In This Article Immigrant Populations

  • Introduction
  • General Overviews
  • Reference Works
  • Handbooks and Guides
  • Journals
  • The Immigrant Health Paradox
  • Surveillance
  • Refugee Health
  • Risk Factors
  • Resilience and Vulnerabilities
  • Acculturation and Adaptation
  • Family
  • Social Justice Perspectives

Public Health Immigrant Populations
by
Hector G. Balcazar, Holly J. Mata
  • LAST REVIEWED: 15 June 2015
  • LAST MODIFIED: 22 April 2013
  • DOI: 10.1093/obo/9780199756797-0034

Introduction

The phenomenon of immigration is as old as humanity itself. Movement of people into and out of their habitats has been a necessity and a way of adapting to new environments. As boundaries and borders became increasingly recognized in the development of villages, regions, countries, and lifestyles, the concept of immigration became an established cultural, political, and economic reality worldwide. Movement of people is by no means a new phenomenon and has implications in diverse realms including legal, social, and economic arenas. The demography of immigration provided the impetus to view the immigrant in the context of an intricate and elaborate pattern of behaviors that had direct consequences for the well-being of that immigrant, as well as sociocultural implications for the new and former environments. This article examines the phenomenon of immigrant populations as a public health imperative. Taking a social justice approach, this article envisions the immigration experience as a complex set of positive and negative consequences for people as well as for the places and countries that are affected by their movement. Through reference works, textbooks, and journals and literature that address immigrant populations from public health and social justice perspectives, this article highlights the public health significance in the context of the complex array of challenges and opportunities experienced by immigrant populations individually, collectively, regionally, and globally.

General Overviews

The World Health Organization (WHO) has many comprehensive resources related to immigrant health; both WHO 2010 and WHO 2008 provide strategies and frameworks to promote immigrant health. Two such frameworks are presented in the works highlighted by the WHO in the citations that follow. WHO 2010 provides an operational framework consisting of four thematic areas: monitoring migrant’s health; policy and legal frameworks; migrant-sensitive health systems; and networks, partnerships, and multicountry frameworks. WHO 2008 includes six thematic areas as a strategic approach for addressing migrant health as a worldwide phenomenon: (1) migration flows in the globalized world; (2) basic principles of a public health approach; (3) determinants; (4) health issues; (5) health systems; and (6) strategies for improving health of migrants. McKay, et al. 2003 provides a comprehensive literature review, and Castañeda 2010 offers an anthropological perspective on immigration and health.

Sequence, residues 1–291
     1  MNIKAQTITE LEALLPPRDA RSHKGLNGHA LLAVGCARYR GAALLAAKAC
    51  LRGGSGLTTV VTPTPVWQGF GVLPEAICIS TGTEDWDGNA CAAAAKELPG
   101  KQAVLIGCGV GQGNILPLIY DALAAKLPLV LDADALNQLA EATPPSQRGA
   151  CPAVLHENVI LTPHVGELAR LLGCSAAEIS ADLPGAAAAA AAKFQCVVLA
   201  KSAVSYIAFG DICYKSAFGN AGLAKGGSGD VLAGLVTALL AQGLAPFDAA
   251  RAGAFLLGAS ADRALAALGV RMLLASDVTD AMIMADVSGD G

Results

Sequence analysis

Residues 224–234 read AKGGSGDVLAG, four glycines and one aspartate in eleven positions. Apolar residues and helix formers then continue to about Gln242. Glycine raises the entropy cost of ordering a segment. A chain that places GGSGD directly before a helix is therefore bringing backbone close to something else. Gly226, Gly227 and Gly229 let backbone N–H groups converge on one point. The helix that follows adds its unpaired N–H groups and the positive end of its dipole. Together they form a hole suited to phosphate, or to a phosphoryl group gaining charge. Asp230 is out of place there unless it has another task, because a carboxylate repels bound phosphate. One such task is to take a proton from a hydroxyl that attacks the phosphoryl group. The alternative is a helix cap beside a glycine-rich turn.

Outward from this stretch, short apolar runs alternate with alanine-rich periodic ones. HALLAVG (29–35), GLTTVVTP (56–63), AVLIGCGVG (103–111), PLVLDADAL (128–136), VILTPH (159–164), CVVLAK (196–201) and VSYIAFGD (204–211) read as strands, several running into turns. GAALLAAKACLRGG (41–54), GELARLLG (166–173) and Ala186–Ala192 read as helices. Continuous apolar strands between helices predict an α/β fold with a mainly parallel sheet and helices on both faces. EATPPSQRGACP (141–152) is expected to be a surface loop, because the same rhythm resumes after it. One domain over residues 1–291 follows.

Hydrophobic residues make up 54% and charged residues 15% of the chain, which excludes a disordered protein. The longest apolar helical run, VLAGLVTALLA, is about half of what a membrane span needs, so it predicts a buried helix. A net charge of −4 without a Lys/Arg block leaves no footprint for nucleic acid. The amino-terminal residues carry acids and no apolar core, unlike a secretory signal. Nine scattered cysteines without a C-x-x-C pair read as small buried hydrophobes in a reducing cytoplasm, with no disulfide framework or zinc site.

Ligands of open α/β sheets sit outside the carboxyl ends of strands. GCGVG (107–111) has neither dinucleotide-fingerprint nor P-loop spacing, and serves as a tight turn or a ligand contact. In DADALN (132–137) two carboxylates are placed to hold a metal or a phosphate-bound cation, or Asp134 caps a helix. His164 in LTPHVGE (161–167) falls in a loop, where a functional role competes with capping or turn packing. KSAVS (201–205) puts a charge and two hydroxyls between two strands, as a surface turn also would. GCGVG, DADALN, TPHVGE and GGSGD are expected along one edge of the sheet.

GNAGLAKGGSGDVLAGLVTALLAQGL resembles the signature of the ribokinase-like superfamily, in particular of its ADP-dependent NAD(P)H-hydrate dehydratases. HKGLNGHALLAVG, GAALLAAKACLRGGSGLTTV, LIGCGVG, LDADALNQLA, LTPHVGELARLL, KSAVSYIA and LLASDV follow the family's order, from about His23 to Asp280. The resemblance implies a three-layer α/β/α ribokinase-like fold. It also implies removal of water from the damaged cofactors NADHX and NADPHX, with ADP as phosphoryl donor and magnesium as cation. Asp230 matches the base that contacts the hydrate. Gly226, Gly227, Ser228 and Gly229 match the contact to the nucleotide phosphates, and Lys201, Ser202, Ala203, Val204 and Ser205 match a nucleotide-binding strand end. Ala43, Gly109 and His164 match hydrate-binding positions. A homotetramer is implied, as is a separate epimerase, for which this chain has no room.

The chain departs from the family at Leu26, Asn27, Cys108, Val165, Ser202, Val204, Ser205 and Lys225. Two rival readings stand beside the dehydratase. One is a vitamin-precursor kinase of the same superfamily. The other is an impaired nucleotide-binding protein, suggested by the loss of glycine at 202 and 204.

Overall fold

back to top

Users without a subscription are not able to see the full content on this page. Please subscribe or login.

How to Subscribe

Oxford Bibliographies Online is available by subscription and perpetual access to institutions. For more information or to contact an Oxford Sales Representative click here.

Purchase an Ebook Version of This Article

Ebooks of the Oxford Bibliographies Online subject articles are available in North America via a number of retailers including Amazon, vitalsource, and more. Simply search on their sites for Oxford Bibliographies Online Research Guides and your desired subject article.

If you would like to purchase an eBook article and live outside North America please email onlinemarketing@oup.com to express your interest.

Article

Up

Down